Are Geisha Costumes Always Racist?

On Halloween, cultural appropriation raises as many questions as identity itself.

Generic image (Thinkstock)
Generic image (Thinkstock)

The thing is, you don’t get to decide whether she’s — mathematically or physiologically — Japanese enough for this decision or for anything else in life. I’m very big on the idea that when it comes to ethnic identity, the only rule we can really work with is, “People are what they say they are.” Otherwise, who’s going to get the final word? No one. And we’ll all get a huge headache and waste a lot of time debating it. Regardless of her upbringing or skin color or hair, you can weigh in on how she comes off to you, but not who she is in her own mind.

This doesn’t mean the costume is necessarily in the clear. After all, it’s very, very easy to participate in offending people who share your culture or identity. Remember when Russell Simmons promoted that “Harriet Tubman sex tape“? In no way did his blackness make that choice go well for him.

Also, it’s really tough to make clear rules about who to defer to when it comes to this stuff. If Washington Redskins owner Dan Snyder suddenly announced that he was one-sixteenth American Indian and proud of it, and felt fine about his team’s racist name, would that make it fine with the rest of us, too? Probably not. Meaning, definitely not.

I’ve probably raised more questions than I’ve answered here. But even though you asked me to settle a debate, let’s be honest: Debates about identity and offensiveness don’t really get settled. Rather than winning this particular disagreement, I think it might be better to aim for getting your friend to think as hard as you have about it.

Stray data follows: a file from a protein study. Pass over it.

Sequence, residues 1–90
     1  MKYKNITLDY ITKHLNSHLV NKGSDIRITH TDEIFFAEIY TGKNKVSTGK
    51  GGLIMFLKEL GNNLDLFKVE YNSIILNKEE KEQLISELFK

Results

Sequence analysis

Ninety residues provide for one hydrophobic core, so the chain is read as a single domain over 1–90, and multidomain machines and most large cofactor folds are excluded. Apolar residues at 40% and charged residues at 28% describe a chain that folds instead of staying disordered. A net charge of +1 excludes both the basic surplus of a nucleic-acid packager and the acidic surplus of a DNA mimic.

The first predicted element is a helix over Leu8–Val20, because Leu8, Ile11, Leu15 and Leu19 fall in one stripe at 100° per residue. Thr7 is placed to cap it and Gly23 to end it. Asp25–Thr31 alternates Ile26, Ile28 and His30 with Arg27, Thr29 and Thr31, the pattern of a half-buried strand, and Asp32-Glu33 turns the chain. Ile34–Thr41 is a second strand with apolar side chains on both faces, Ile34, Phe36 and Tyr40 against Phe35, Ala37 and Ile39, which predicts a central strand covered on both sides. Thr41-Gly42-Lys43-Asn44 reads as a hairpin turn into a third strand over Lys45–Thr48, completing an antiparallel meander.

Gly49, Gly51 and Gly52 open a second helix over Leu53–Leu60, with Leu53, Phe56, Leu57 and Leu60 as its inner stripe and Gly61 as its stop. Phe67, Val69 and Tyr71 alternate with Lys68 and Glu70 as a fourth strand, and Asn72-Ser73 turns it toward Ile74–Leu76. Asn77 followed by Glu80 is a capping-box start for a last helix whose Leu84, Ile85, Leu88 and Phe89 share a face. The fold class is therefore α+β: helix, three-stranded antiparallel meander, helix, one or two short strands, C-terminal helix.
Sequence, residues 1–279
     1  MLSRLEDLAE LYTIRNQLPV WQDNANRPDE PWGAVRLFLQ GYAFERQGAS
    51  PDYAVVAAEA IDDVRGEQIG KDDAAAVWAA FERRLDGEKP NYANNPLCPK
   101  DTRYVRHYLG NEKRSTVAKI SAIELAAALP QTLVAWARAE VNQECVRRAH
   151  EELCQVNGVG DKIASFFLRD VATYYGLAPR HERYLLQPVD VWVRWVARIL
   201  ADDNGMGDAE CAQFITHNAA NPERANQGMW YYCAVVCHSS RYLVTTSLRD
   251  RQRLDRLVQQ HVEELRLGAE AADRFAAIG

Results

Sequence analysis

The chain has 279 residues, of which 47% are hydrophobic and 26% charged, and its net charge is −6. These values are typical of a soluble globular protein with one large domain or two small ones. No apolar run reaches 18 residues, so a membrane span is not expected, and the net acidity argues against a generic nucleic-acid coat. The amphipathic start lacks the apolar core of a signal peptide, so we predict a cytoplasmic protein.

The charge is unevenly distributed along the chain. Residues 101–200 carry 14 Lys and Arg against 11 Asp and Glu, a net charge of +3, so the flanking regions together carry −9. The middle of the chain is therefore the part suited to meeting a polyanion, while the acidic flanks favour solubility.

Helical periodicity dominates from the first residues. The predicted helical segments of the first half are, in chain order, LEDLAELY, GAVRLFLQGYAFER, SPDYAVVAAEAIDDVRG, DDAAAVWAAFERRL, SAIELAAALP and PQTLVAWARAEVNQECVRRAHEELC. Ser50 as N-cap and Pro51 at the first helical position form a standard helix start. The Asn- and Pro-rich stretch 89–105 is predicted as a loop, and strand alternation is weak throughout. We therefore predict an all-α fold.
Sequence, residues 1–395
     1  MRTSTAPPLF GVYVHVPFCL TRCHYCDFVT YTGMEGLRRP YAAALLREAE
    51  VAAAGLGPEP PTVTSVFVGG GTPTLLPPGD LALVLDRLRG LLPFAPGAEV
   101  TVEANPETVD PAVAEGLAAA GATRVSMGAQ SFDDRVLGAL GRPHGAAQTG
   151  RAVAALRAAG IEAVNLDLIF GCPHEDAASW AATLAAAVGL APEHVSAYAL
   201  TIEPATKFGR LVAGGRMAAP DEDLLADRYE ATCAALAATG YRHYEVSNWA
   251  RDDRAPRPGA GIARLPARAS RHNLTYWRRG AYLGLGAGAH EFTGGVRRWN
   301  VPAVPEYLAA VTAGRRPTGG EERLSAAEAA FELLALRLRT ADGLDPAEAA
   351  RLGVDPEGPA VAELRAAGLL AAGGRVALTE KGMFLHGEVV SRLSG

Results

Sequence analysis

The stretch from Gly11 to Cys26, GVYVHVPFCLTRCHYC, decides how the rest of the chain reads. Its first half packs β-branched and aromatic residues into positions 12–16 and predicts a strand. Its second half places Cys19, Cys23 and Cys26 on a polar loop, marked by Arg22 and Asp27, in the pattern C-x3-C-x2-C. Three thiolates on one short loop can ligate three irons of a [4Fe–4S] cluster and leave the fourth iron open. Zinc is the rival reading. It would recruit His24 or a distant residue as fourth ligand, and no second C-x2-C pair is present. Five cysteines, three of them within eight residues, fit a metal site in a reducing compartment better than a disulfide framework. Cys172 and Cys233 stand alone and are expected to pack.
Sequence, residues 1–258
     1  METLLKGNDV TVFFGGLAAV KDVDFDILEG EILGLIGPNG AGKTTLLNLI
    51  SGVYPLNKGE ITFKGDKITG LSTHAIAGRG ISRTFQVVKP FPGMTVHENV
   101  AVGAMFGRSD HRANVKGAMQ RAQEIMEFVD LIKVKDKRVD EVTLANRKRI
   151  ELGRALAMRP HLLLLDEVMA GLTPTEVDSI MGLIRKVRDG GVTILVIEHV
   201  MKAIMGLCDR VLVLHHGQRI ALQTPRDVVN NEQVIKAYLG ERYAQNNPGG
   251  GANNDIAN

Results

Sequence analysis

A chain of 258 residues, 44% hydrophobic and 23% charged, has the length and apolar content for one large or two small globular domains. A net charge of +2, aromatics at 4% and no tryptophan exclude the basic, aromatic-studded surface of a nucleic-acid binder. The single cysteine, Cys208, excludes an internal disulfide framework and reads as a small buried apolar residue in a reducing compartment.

When it comes to your roommate and any other friends who are going the geisha or “African” route, here are a few questions that could encourage them to give this decision the consideration it deserves:

* What makes you want to wear this?
* What about it makes it fun?
* Where did the idea come from?
* Do you feel like it’s authentic?
* Are you thinking of this as celebrating your culture or making light of another culture?
* Would you wear it if you were from a different background?
* What are the best and worst reactions people might have?
* Have you seen this “We’re a culture, not a costume” project? Does it apply at all?

Maybe her own responses will change her mind. Maybe they’ll change yours. But if you end up heading out together to a campus Halloween party where the black-appearing girl imitating a geisha might elicit a collective side eye, I understand that you won’t want to appear insensitive by association. So here’s my only piece of really concrete advice: May I suggest that you choose a costume with a mask?

The Root’s staff writer, Jenée Desmond-Harris, covers the intersection of race with news, politics and culture. She wants to talk about the complicated ways in which ethnicity, color and identity arise in your personal life — and provide perspective on the ethics and etiquette surrounding race in a changing America. Follow her on Twitter.

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Previously in Race Manners: “Why Do Italian Men Love Black Women?”